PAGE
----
Let me start by saying that I really ought to know better. Trying to lose 10 pounds in two weeks is not only borderline unhealthy, it's nearly impossible. As a health writer and generally sensible person, I know this — but I'm also a human being and a female, and I had a special occasion looming.
Be honest: Who among us hasn't had that panicky, "Oh damn, I've been lazy and eating junk lately, but I absolutely need to look good at that wedding/family party/class reunion coming up in a few days!" feeling? That was me a couple of weeks ago, and while I did know I was being silly — frankly, my 10-pound "goal" was deliberately pie-in-the-sky — I also wanted a challenge to motivate me to look and feel my best quickly.
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Did it motivate me? Sure, I was motivated — but I also completely (spoiler alert) failed to reach my goal. While in hindsight that result seems inevitable, I did learn a few important lessons along the way.
You might fail on the first day — but that can be a good thing. I was aiming to shed pounds before a Saturday night wedding in late July, so I started my plan exactly two weeks before that. Brilliant, really: It was the weekend, so I had more time and energy to stay on track, right? Um, wrong. So very wrong. I'm a mom, and on the weekends I am with my kids 24/7, and that means I actually have a ton less time than I do on even my most insane workday. Long story short, we ran errands, we got off track with our day, and we needed a drive-thru meal for dinner. All of a sudden, the colorful salad of my weight-loss dreams was out; a grilled chicken sandwich served in a cardboard box was in. (And let's be real, a handful of my kids' French fries was in, too.) But that Day 1 failure served me well in that it made me doubly motivated to stick with healthier meals for the next several days. In this case, a little bit of guilt was actually a great thing.
People are going to think you're nuts. Do yourself a favor and don't shout from the rooftops that you plan to lose 10 pounds in two weeks, because people are going to tell you that you're flat out bonkers. Weight loss takes time, especially successful, long-lasting weight loss, and — much like you couldn't sleep through class all semester and expect to pass your finals in college — you can't really fake a dramatic weight change at the last minute. You can certainly try (Spanx, anyone?) but unless you want to be talked out of your plans, keep them to yourself.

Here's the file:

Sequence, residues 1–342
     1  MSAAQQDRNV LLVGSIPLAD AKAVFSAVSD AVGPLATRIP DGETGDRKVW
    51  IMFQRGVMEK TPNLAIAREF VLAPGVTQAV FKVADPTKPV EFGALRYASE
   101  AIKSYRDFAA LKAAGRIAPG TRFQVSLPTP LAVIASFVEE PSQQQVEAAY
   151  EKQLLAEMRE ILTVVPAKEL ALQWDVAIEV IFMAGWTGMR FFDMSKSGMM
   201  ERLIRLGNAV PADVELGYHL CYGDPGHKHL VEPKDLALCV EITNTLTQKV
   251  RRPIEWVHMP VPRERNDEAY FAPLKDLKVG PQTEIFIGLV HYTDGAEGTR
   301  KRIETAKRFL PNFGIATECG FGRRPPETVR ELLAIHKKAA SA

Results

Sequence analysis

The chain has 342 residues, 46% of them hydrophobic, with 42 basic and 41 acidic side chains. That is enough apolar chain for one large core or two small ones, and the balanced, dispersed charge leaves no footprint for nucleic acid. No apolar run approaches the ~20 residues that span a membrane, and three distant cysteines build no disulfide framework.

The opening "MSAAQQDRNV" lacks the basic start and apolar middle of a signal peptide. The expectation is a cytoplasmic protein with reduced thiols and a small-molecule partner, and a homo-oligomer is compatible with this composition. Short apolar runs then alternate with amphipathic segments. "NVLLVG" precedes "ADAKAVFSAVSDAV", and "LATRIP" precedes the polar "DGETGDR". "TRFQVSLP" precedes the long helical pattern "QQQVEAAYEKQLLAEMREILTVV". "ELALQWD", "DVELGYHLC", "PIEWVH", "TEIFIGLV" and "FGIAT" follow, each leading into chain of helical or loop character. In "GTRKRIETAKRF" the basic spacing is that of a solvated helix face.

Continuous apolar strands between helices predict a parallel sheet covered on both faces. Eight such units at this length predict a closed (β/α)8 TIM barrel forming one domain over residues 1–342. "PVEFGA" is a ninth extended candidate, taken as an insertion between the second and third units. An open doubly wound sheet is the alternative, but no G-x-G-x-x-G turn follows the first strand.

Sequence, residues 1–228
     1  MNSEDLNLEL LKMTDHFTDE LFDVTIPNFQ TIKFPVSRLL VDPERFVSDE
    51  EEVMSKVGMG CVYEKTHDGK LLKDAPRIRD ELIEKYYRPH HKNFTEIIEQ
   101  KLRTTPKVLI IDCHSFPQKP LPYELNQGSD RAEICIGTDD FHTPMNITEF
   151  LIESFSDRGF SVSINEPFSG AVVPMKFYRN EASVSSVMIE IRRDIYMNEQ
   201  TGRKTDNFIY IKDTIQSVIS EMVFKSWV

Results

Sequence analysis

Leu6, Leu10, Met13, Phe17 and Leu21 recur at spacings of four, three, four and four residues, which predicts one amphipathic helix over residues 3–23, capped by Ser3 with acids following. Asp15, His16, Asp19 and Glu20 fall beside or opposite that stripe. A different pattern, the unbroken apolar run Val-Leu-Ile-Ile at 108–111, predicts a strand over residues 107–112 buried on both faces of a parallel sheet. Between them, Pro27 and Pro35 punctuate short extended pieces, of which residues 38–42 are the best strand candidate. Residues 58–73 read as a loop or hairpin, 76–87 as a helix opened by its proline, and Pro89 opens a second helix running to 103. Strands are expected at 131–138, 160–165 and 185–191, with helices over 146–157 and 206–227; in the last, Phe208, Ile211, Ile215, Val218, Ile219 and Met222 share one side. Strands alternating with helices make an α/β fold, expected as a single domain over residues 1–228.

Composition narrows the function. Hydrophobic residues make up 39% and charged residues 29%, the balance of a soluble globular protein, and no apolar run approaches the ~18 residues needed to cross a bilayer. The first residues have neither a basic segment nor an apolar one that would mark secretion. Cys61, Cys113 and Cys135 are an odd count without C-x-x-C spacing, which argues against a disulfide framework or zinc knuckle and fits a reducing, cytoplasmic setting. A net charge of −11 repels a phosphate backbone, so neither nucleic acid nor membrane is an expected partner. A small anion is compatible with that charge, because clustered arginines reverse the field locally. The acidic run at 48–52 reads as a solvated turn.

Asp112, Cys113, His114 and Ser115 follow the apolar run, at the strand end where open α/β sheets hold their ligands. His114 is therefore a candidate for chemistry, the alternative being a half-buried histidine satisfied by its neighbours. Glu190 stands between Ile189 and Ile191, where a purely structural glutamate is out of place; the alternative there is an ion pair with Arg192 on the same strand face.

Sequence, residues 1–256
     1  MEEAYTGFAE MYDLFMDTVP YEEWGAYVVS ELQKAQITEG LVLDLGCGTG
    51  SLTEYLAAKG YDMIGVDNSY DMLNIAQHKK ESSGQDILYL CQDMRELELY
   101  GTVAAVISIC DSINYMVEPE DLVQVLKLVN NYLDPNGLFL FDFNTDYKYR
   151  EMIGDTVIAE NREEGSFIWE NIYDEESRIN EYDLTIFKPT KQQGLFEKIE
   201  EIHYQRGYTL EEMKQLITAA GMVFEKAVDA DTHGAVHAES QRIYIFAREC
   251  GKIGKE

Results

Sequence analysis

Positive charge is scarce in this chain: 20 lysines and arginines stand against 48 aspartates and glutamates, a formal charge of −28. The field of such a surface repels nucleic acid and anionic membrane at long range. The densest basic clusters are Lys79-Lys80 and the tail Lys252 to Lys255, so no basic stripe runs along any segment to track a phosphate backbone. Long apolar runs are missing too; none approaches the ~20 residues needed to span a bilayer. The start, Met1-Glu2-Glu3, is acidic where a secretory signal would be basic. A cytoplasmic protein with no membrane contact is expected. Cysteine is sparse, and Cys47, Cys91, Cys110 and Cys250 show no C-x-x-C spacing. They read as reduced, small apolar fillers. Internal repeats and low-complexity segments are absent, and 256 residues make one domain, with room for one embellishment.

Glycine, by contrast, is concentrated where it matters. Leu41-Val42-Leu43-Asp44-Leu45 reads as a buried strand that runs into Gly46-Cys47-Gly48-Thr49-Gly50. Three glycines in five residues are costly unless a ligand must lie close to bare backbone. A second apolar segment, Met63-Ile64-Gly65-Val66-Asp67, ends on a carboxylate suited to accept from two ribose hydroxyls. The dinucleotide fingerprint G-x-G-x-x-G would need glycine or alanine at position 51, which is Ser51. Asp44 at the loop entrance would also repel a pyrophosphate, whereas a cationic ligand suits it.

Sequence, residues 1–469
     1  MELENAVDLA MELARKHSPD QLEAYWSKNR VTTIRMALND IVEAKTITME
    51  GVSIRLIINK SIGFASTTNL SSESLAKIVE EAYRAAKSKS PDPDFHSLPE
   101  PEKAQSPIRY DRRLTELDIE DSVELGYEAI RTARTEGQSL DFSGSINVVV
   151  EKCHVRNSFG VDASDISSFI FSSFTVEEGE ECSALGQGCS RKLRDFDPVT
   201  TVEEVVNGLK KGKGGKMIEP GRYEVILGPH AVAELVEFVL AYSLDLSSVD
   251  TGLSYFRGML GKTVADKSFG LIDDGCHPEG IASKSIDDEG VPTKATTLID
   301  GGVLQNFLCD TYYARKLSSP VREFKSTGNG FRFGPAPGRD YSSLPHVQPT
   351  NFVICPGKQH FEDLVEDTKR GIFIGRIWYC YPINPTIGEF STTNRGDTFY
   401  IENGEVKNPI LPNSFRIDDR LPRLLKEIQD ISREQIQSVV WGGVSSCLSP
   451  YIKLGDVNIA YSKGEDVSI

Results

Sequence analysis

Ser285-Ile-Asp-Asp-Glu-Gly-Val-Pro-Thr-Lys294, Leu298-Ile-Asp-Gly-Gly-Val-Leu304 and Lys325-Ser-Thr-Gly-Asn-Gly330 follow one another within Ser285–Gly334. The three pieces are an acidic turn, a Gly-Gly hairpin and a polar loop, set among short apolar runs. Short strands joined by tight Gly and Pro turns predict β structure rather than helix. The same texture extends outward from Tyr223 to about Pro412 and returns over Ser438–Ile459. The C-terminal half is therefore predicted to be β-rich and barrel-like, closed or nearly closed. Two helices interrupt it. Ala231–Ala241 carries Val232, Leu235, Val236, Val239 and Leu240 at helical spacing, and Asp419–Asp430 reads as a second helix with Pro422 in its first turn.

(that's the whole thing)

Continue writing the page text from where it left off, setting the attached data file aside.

Drinking tons of water is the single best thing you can do. H20 is an awesome part of a weight-loss plan because it's easy, free, and beneficial to your health in a zillion ways. Most of us don't get enough water as it is, so drinking extra calorie-free fluids all day will keep you hydrated, energized, and (let's be honest) getting up to pee a lot more. Every step counts, right?
A daily vitamin is a great idea. While I tried to have a mix of vegetables, fruits, lean protein, and healthy carbs over my two weeks, swallowing that daily vitamin ensured that I was getting all the nutrients I needed while I was eating slightly less than usual. And it may only have been in my mind, but packing my essential nutrients into a pill every day also made me feel less hungry.
Even 30 (or 20!) minutes of exercise will go a long way. You can't drastically overhaul your life in a couple of weeks, so if you aren't a fitness person, suddenly spending hours at the gym is going to feel like a ton of work. Taking a few laps around the block before you eat breakfast, though? That you can do easily — and it's a great way to re-commit to your goal each morning. (It also really does work for shedding pounds.)
Be careful with clothing. I made the mistake of telling my tailor to pin things a little tighter as she worked on my dress. "I'm going to lose 10 pounds in two weeks," I told her proudly (which, ugh, see #2 again). With raised eyebrows, she obeyed me and tightened those darn pins — and then I had to go see her a week later at nearly exactly the same size so she could hand me my now-almost-too-tight dress. The shame!
No one is going to notice, anyway. This last one is the truest of them all. While I did end up losing a few pounds before the big event, exactly zero people that night noticed any difference in my size at all — and that includes me. I was more focused on having a good time once I arrived, which is exactly how it should be.
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